Missouri's economy has stagnated for years, despite some modest successes. Policymakers often respond by instituting tax credits or other incentives designed to lure new business to the state. But the general failure of government officials to predict growth industries signals the need for a new approach in creating a favorable business climate. One alternative considered in detail by this study is to reduce or eliminate Missouri's income tax, which would alter the state's tax structure in a way that encourages a wide variety of individuals and firms to relocate here. Evidence shows that this would not be detrimental to the growth of employment and income. Moreover, it may be possible to eliminate the income tax without sacrificing current levels of state services. Basic economic theory suggests that a tax on income distorts the labor market, by raising the real wage rate and spurring unemployment. This theory is bolstered by numerous empirical studies, which show that states with lower tax burdens have relatively better economic track records than states with higher taxes. Eliminating the individual income tax need not starve state and local governments of funding, either. Other states make up for lost income tax revenue in a number of ways, such as through higher property tax or sales tax rates. Currently, property taxes in Missouri are substantially lower in relation to the other states in which a property tax is levied, and other comparable states generally levy sales taxes on a larger number of services than Missouri does. This study concludes that altering or even eliminating Missouri's individual income tax could well improve the state's economic condition.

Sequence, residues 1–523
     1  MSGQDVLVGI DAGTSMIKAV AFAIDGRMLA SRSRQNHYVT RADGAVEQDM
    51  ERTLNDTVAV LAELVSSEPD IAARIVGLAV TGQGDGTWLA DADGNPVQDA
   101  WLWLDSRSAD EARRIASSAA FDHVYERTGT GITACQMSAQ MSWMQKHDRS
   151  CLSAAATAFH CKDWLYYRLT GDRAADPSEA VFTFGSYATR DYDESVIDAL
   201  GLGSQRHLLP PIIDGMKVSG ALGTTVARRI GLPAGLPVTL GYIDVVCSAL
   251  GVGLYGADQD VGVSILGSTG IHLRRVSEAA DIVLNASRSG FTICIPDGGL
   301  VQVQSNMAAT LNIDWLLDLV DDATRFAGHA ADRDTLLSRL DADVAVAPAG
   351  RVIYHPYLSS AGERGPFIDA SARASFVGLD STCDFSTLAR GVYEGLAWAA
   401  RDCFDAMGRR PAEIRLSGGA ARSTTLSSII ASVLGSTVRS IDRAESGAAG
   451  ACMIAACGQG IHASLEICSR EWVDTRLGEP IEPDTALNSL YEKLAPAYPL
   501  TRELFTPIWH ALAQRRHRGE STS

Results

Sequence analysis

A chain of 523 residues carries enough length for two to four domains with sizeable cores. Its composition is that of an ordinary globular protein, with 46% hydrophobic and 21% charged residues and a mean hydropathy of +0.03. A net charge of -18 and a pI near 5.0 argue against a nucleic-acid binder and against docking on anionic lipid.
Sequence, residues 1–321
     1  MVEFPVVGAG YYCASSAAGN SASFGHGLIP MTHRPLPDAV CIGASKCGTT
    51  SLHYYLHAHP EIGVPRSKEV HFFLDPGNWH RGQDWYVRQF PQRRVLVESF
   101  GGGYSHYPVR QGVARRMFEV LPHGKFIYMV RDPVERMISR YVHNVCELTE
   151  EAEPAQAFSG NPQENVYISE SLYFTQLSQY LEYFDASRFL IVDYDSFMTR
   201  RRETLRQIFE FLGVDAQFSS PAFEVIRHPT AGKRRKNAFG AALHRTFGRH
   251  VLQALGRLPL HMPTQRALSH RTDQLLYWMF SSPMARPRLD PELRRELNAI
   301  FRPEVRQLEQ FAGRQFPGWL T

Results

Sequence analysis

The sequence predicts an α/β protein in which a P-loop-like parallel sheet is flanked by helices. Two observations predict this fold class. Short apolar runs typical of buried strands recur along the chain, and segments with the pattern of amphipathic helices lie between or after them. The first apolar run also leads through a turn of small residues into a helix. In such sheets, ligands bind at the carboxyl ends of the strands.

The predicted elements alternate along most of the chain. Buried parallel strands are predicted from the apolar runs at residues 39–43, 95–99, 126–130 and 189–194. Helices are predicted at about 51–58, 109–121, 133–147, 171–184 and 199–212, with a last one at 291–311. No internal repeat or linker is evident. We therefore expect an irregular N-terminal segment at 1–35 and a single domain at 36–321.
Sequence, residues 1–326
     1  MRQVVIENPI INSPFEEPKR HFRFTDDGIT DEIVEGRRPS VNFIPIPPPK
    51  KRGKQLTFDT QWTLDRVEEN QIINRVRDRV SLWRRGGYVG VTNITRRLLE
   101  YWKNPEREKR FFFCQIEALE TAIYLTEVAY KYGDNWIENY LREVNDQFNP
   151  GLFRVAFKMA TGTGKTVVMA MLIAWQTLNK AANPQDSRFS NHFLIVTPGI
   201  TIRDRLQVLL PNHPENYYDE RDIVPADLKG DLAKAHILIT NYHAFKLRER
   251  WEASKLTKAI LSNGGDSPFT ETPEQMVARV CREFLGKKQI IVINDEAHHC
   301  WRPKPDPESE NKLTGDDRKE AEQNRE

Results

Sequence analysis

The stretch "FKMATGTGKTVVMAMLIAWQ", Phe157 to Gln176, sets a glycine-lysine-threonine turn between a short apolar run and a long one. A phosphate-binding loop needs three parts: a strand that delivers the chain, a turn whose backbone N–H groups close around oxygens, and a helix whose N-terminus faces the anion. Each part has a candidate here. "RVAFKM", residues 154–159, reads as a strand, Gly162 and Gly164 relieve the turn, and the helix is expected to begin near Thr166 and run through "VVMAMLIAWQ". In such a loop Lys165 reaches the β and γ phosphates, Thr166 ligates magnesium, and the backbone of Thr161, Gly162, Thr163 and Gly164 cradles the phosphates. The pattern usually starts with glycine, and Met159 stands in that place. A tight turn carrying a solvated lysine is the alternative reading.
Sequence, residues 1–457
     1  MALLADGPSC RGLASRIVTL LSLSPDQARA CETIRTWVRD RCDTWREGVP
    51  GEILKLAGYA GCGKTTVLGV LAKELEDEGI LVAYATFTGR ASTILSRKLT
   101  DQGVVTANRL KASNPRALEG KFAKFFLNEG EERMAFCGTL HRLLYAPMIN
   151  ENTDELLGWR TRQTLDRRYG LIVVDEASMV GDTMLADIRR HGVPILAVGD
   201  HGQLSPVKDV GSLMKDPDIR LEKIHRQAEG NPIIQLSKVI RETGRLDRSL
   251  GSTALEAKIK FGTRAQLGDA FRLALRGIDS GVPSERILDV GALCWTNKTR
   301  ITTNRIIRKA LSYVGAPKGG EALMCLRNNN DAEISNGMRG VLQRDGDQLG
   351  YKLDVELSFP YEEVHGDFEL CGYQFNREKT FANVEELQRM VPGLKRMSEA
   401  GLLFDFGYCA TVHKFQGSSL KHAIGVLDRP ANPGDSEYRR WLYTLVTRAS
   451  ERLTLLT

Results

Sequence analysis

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About the Author

Rik Hafer
Research Fellow

Rik Hafer is a Show-Me Institute research fellow and a professor of economics and the Director of the Center for Economics and the Environment at Lindenwood University in Saint Charles, Missouri.